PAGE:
Walter E. Williams

Deroy Murdock's article titled "The Southern Border: Our Welcome Mat for Terrorists," for National Review Online (April 25, 2013), reports that "Somalia's Ahmed Muhammed Dhakane told authorities in 2011 that he earned up to $75,000 per day smuggling East Africans into America. His clients included three al-Shabaab terrorists. As the House report states: 'Dhakane cautioned that each of these individuals is ready to die for their cause and would fight against the United States if the jihad moved from overseas to the U.S. mainland.'" Many Syrians and Iranians have been caught making illegal entry. Both Syria and Iran are supporters of Hezbollah, have chemical weapons and materials for dirty bombs, and hate "the Great Satan."

Murdock makes reference to the House Homeland Security Subcommittee on Oversight and Management Efficiency study titled "A Line in the Sand: Countering Crime, Violence and Terror at the Southwest Border." It explained that between September 2001 and September 2012, there were 59 homegrown violent jihadi plots within the United States. The study said that the more violent threat to Americans is the ability of Islamist terrorist organizations, resulting from their growing presence in the Western Hemisphere, to exploit our porous southwestern border and enter the United States undetected.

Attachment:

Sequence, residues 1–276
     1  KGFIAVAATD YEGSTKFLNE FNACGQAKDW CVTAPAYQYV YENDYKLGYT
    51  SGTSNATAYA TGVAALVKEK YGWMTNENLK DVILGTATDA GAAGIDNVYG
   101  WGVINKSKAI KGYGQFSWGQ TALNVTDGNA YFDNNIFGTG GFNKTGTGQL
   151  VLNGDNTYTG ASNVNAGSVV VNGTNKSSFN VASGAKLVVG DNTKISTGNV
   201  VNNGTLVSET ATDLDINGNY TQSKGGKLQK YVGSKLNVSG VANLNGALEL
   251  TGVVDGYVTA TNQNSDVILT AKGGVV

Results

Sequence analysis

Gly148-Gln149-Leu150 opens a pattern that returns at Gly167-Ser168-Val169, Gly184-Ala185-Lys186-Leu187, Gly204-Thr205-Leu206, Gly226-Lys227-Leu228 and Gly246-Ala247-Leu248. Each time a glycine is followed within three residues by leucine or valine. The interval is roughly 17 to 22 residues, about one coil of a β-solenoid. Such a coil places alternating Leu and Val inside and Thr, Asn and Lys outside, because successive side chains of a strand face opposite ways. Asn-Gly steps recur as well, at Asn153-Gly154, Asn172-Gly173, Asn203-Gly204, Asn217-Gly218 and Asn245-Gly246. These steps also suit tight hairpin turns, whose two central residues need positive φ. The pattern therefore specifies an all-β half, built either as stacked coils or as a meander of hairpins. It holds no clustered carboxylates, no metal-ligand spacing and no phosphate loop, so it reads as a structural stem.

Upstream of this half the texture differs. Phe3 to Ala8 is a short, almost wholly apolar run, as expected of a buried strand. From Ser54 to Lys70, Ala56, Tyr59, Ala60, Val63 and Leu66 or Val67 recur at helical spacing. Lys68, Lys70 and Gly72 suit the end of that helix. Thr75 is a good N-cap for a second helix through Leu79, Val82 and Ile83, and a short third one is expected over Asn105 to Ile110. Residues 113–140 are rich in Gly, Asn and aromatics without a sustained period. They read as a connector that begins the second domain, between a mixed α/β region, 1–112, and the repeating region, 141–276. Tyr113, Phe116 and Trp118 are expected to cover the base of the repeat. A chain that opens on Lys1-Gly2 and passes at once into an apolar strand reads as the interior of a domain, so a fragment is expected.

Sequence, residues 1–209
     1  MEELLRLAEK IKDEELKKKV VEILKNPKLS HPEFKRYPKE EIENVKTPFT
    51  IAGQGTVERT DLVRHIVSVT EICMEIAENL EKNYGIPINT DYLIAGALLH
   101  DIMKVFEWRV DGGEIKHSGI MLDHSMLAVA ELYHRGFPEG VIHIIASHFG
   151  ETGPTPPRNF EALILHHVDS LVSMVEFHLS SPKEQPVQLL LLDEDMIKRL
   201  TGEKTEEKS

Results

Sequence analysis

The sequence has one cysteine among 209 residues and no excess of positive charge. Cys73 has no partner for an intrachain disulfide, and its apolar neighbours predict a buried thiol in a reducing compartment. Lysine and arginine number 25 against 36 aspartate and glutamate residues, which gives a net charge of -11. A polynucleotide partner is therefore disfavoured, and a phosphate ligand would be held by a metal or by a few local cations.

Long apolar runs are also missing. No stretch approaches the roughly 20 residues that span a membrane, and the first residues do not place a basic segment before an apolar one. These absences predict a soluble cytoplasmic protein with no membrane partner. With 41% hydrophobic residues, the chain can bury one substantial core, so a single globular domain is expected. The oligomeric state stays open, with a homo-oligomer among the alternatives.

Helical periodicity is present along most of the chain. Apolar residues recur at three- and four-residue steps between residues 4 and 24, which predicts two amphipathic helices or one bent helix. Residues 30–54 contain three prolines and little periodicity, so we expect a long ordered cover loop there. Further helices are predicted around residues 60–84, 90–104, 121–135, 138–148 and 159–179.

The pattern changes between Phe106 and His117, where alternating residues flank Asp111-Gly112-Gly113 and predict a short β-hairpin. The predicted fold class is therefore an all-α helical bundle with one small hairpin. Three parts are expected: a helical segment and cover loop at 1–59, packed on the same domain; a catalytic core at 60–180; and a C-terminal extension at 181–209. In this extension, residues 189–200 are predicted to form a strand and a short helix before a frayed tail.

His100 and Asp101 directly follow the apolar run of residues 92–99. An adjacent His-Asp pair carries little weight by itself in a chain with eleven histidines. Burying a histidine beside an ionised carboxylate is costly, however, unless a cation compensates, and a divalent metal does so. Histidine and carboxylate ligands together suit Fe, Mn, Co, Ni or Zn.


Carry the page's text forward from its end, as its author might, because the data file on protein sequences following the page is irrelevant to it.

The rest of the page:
Here are some questions that should be of concern to every American: Can the U.S. Customs and Border Protection assure Americans that it has arrested every terrorist attempting to make illegal entry to our country? Can it assure us that there are no terrorist cells operating in our country and awaiting word from our enemies to attack us? There's another question that's just as important: If there is a terrorist attack through our southern border, will Americans allow President Obama, congressional Democrats, the news media and progressives and liberals to deny that their weak border security policy was responsible?


Walter E. Williams

Dr. Williams serves on the faculty of George Mason University as John M. Olin Distinguished Professor of Economics and is the author of 'Race and Economics: How Much Can Be Blamed on Discrimination?' and 'Up from the Projects: An Autobiography.'
 
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